A Healthier Tomorrow – February 2019

A Healthier Tomorrow – Chronic Disease is Killing Us

Imagine a Healthier Tomorrow

By Alison H. Page

Health care costs in our country are out of control.  In poll after poll Americans site the cost of health care and the availability of health insurance as a top priority for elected officials to address.  Democrats argue that health care is a basic human right and providing health care services is a collective responsibility of our society.  Republicans argue that health care, like other businesses, should function like a competitive market in which individuals and businesses make choices based on quality and service to control costs. Every couple of years we drop a vote in the ballot box for the candidates who align with our beliefs. The problem with both positions is that they ignore the greatest factor influencing the cost of health care; the real cost culprit is chronic disease. 

As individuals, we tend to think about the cost of health care in terms of our own experience; the cost of our last doctor visit or the total out-of-pocket cost for a hip replacement.  Efforts abound to try to contain the direct cost of health care services to people, but it is not enough.  Regardless of what employers, insurance companies, hospitals and doctors do to try to control costs, it won’t be enough.  Why?  Because chronic disease is killing us, literally and financially.  Chronic disease is on the rise.  The care is costing a fortune and the cost to society and business in terms of lost productivity is tremendous. 

Step with me if you will to the 20,000-foot level to look at the cost of chronic disease to society.  The Center for Disease Control (CDC) reports that 90% of the nation’s 3.3 trillion in health care expenditures goes to treat people with chronic health conditions (e.g. heart disease and stroke, cancer, diabetes, obesity, arthritis, Alzheimer’s disease, epilepsy and tooth decay).  

Nothing kills more Americans than heart disease and stroke. More than 810,000 Americans die of heart disease or stroke every year—that’s one-third of all deaths. These diseases take an economic toll, as well, costing our health care system $190 billion per year and causing $126 billion in lost productivity on the job.

Here’s another example – More than 29 million Americans have diabetes, and another 86 million adults in the United States have a condition called prediabetes, which puts them at risk for type 2 diabetes. Diabetes can cause heart disease, kidney failure, and blindness, and costs the US health care system and employers $245 billion every year.  

I could go on and on, but what can be done about it?  America’s chronic disease crisis is not inevitable.  We can change course. 

Medical care has long been focused on the science of individuals, or groups of individuals.  We have researched how to best treat disease by looking inside people and gauging biological response to various medications and treatments.  This is good for those who suffer from disease but does little to prevent the disease from occurring in the first place.  As it turns out, the key to reducing chronic disease resides outside the world of traditional medical research.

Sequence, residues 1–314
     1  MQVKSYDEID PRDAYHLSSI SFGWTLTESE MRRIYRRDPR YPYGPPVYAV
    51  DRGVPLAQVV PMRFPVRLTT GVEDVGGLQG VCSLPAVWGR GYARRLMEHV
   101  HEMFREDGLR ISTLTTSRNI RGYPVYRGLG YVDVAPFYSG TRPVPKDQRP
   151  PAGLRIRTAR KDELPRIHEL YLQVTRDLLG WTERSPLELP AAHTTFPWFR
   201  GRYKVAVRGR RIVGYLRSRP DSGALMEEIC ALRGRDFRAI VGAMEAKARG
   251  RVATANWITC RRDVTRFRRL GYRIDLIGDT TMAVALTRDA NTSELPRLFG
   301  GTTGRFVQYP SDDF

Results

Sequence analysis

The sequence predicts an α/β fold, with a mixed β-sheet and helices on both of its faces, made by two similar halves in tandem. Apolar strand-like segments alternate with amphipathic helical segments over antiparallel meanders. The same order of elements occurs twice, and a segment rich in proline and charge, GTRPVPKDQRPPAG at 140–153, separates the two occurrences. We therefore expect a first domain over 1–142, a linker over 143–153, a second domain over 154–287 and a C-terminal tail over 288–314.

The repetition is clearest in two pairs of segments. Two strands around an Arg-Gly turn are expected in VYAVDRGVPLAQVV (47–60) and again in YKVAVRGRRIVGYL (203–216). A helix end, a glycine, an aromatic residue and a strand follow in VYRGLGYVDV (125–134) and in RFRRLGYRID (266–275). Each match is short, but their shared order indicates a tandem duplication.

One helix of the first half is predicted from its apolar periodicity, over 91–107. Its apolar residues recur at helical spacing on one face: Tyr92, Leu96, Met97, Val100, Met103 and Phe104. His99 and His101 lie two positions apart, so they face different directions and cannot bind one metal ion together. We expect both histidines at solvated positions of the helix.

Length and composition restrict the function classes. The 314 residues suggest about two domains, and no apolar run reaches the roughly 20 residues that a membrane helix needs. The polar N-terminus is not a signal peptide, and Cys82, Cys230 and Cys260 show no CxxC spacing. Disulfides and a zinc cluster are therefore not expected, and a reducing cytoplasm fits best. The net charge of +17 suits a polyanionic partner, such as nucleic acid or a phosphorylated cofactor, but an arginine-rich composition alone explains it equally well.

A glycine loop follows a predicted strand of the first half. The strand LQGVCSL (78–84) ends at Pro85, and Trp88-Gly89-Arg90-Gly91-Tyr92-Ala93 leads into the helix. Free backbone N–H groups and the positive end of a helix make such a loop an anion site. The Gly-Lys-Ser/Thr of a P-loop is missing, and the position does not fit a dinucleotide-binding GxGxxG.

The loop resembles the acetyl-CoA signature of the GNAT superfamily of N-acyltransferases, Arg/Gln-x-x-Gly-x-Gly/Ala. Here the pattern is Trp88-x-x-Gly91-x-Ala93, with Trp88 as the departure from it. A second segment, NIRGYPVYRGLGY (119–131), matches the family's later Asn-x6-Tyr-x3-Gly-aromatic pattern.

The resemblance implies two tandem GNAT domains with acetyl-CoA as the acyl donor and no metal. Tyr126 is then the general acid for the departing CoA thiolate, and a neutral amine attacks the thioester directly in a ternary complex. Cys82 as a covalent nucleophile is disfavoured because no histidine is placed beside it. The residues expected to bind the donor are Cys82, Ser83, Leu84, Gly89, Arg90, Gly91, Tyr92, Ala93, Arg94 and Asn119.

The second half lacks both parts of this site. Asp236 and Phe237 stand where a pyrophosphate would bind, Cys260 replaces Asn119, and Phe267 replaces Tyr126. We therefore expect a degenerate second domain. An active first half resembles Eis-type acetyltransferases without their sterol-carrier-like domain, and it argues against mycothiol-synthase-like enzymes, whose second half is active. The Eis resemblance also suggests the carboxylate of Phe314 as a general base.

Clayton Dalton, MD, a physician from Boston, MA, shared this perspective in a recent article posted on bluezones.com that looked at traditional cultures across the globe, from hunter-gatherers to pastoralists to horticulturists.  These cultures have shown little evidence of chronic disease. It’s not because they don’t live long enough – recent analysis has found a common lifespan of up to 78 years among hunter-gatherers, once the bottlenecks of high mortality in infancy and young adulthood are bypassed. We can’t blame genes, since many of these groups appear to be more genetically susceptible to chronic disease than those of European descent.

Evidence suggests it is how they live. Though traditional cultures span an immensely diverse gamut of lifestyles, they share a common denominator defined by the absence of modern banes: absence of processed foodstuffs, absence of sedentary lifestyle, and likely absence of chronic stressors.

Indeed, evidence suggests that lack of chronic disease in these groups flows from how they live, how they move, how they eat. Diet looks to be an especially powerful driver – adoption of a Western diet, rich in processed foods, has mirrored the development of chronic disease worldwide, and prospective studies with healthy and diabetic subjects have documented the powerful influence of food on health. Physical exercise, long touted as merely a means to calorie disposal, turns out to have complex endocrine and metabolic effects on insulin signalling, stress response, sleep, mental health, and even neuronal function in the brain. What the science seems to say is that an ancestral way of life aligns the machinery of our metabolisms toward good health.

Thus, it appears that our bodies aren’t, after all, destined for chronic disease as they age – rather, it is the environment we’ve put them in that should bear the blame.

As Dr. Dalton points out, our ship is sinking, and the current approach is akin to bailing with a thimble. If we are to stem the rising tide of chronic disease, we must alter the elements of our environment that promote chronic disease. With the global price tag of chronic disease projected to rise to $30 trillion by 2030, we simply can’t afford not to.

As it turns out, the decisions we make about what to put in our ice box are really more important to controlling health care costs than the decisions we make in the ballot box!